Carum Carvi (Carui), Linne. (The dried ripe fruit, with not more than 3 p.c. of other fruits, seeds or foreign organic matter, yielding not more than 1.5 p.c. acid-insoluble ash.)

Habitat. C. And W. Asia, Himalayas, Caucasus, Europe, Siberia; cultivated in England, Norway, Russia, Germany, Holland, Morocco, United States.

Syn. Caraway Seed (Fruit), Carawayseed, Caravies; Br. Carui Fructus; Fr. Carui, Carvi, Cumin des Pres; Ger. Fructus Carvi, Kummel, Gemeiner Kummel.

Ca'rum. L. Careum, fr. Gr. Kapov, after Caria, in Asia Minor -- i.e., its original habitat. Carui was the name used by medieval pharmacists for the drug.

Car'vi. L. For carvy, carvey. Ar. Karawya, Eng. Caraway. Here frequently the word Carui is used, thus assimilating L. Gen., as though for Carui Semina.

Plant

Biennial herb; stem .3-1 M. 1-3 degrees) high, hollow; leaves bi-or tripinnate, deeply incised; flowers May-June, small, white, no involucre; root fleshy, fusiform, white.

Fruit

cremocarp, usually in 2 separated mericarps; curved, tapering, toward both ends, 3-7 Mm. (1/8-1/4') long, 2 Mm, (1/12') broad, dark brown, 5 yellow filiform ribs, dorsal surface 4 vittae, commissural surface 2, endosperm large, oily; odor and taste aromatic.

Powder

yellowish-brown--outer epidermal cells characterized by a waviness and striping of the cuticle; endosperm cells containing aleurone grains with the embedded rosette aggregates; tracheae, lignified fibers, oil tubes. Solvents: alcohol; water partially. Dose, gr. 10-30 (.6-2 Gm.).

Adulterations

Allied and occasionally exhausted (drawn) fruits--having shriveled appearance; seeds of weeds-- usually yielding starch in the powder; dirt -- showing excess of ash.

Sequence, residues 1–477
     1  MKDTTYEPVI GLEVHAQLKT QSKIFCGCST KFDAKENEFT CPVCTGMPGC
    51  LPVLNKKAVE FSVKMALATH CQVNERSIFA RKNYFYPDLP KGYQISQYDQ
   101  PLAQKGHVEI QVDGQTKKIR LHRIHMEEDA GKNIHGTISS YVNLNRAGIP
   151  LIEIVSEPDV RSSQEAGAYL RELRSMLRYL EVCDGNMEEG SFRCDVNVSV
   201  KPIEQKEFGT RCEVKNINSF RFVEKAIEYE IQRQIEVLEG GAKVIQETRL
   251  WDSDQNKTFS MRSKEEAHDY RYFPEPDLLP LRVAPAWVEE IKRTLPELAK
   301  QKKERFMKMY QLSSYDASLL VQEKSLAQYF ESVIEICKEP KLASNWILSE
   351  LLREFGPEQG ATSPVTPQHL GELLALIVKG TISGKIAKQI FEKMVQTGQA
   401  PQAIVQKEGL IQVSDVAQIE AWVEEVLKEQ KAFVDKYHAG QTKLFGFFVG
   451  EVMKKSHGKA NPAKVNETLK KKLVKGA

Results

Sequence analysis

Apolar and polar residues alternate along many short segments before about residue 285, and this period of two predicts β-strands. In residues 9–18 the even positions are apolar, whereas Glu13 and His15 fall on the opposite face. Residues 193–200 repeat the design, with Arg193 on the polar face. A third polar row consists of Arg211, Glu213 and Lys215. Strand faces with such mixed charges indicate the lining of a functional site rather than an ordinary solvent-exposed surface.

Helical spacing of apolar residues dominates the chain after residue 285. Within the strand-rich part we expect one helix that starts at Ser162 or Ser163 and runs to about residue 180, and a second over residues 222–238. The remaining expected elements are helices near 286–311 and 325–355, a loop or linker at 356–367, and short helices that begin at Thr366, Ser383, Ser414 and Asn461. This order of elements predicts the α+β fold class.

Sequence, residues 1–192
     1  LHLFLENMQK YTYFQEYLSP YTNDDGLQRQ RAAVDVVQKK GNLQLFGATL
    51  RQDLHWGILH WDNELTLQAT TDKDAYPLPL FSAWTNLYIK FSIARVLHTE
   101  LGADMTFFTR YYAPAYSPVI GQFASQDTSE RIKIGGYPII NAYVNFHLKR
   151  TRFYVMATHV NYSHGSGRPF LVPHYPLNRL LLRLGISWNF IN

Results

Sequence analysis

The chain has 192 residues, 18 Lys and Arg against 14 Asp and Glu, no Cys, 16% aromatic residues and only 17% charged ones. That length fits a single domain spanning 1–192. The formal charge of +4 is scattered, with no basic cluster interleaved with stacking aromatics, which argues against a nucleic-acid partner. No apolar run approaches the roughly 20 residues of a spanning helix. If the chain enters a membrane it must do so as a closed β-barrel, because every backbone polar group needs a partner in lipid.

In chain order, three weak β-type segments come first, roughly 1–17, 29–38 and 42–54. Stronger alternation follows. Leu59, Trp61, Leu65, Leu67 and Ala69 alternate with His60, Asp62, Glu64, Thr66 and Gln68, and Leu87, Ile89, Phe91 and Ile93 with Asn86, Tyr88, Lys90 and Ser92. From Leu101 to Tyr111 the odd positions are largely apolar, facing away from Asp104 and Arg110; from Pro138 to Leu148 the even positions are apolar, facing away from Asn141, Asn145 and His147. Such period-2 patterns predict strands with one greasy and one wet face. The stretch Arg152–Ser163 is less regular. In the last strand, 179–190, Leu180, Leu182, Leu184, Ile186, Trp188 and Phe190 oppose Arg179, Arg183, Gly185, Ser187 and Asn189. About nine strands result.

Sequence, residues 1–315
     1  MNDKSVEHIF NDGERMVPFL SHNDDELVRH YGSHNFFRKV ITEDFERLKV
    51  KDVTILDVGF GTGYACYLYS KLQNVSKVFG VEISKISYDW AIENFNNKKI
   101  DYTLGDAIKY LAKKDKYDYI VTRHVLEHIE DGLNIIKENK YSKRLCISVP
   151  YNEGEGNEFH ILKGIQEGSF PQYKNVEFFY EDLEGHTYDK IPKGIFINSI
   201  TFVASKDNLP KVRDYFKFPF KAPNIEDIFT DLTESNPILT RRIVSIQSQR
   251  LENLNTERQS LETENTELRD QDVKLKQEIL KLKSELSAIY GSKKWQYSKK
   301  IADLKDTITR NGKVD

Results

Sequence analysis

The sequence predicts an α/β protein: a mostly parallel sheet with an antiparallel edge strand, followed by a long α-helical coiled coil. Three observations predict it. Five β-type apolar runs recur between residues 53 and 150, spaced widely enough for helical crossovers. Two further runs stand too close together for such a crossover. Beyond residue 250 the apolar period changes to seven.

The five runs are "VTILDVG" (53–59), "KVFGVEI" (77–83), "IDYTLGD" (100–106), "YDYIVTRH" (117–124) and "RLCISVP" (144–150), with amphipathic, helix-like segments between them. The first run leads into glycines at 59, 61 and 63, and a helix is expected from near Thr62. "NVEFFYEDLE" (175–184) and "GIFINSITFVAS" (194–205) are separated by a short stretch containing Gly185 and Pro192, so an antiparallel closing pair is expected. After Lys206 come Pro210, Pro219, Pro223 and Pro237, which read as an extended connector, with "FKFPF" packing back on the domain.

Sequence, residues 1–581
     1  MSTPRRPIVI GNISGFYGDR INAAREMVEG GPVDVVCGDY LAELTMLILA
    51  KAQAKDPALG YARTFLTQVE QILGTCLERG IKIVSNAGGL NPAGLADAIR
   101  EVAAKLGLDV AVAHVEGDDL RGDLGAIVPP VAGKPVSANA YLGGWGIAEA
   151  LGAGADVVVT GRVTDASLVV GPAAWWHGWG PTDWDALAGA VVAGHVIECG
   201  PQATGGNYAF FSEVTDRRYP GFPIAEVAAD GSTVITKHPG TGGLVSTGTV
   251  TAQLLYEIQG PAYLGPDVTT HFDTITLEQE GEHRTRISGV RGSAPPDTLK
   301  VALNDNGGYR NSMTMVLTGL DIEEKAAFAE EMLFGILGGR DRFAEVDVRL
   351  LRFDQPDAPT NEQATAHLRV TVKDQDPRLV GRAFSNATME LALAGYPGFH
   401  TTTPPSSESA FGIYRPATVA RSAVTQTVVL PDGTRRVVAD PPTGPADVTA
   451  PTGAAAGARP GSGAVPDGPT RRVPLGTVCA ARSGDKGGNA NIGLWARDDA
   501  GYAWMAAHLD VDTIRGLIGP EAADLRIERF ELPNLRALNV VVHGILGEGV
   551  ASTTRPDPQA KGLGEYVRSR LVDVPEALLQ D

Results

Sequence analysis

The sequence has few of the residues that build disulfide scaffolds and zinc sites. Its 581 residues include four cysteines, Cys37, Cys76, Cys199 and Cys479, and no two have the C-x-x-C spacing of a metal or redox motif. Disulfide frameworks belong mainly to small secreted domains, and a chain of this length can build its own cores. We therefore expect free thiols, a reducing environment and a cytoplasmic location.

Commercial

Fruit ripens in the 2d year, August, when the plant is cut down, dried, and thrashed on cloth. There are five varieties: 1, Holland (Dutch), finest; 2, German; 3, English, shortest ; 4, Mogador, longest, lightest; 5, American, the result of home cultivation in gardens, being quite aromatic but smaller than the German, these two constituting nearly our total supply; yield 8-10 hundred-weight per acre; root, resembling that of parsnip, is employed as food in N. Europe.

Constituents

Volatile oil 5-7 p.c., fixed oil, resin, tannin, sugar, gum, ash 5-8 p.c.; no starch.

Oleum Cari Oil of Caraway, U.S.P. -- (Syn., Ol. Cari., Caraway Oil; Br. Oleum Carui; Fr. Essence de Carvi; Ger. Oleum Carvi, Kummelol, Carvon.) This volatile oil, obtained by steam distillation from the dried ripe fruit, should yield not less than 50 p.c. of carvone, and is a colorless, pale yellow liquid, characteristic odor and taste, soluble in 8 vols. of 80 p.c. alcohol, sp. gr. 0.905, dextrorotatory; contains a ketone -- carvone (d-carvone, carvol), CHO, at least 50 (50-65) p.c., a terpene -- carvene (d-carvene, citrene, hesperidene, d-limonene), CH, 35-50 p.c., and an alcohol, CHOH, etc.  Carvone may be obtained by treating the oil with alcoholic solution of ammonium sulphide, decomposing the resulting crystals with potassium hydroxide; it is a viscid, yellowish, oily liquid, creosote odor and taste, closely related to menthol and myristicol, identical with thymol, cuminic alcohol and carvacrol, this latter being the product of distilling a mixture of caraway oil and potassium or sodium hydroxide (thus expelling carvene), decomposing residue with sulphuric acid, rectifying; useful in toothache, by inserting it into cavity.  Should be kept cool, dark, in well-stoppered, amber-colored bottles.  Dose, mij-5 (.13-.3 cc.).

Preparations

Fruit

1, Tinctura Cardamomi Composita, 1.2 p.c.  OIL: 1.  Mistura Caminative, N.F., 1/20 p.c.  2.  Spiritus Cardamomi Compositus, N.F. 1/20 p.c.

Unoff. Preps.:  FRUIT: Fluidextract, mx-30 (.6-2 cc.).  Infusion, 5 p.c., 3j-2 (30-60 cc.).  Water (Br.), 100 Gm. + water 2000 cc., distil 1000 cc.  OIL: Spirit.

Properties

Carminative, stimulant, diuretic, stomachic.

Uses

Flatulent colic, especially of infants, corrective to nauseous purgatives, flavoring, toothache (carvacrol), as a spice in cakes, bread, etc.  The oil is used mostly, which acts externally like other essential oils, as an anesthetic, etc.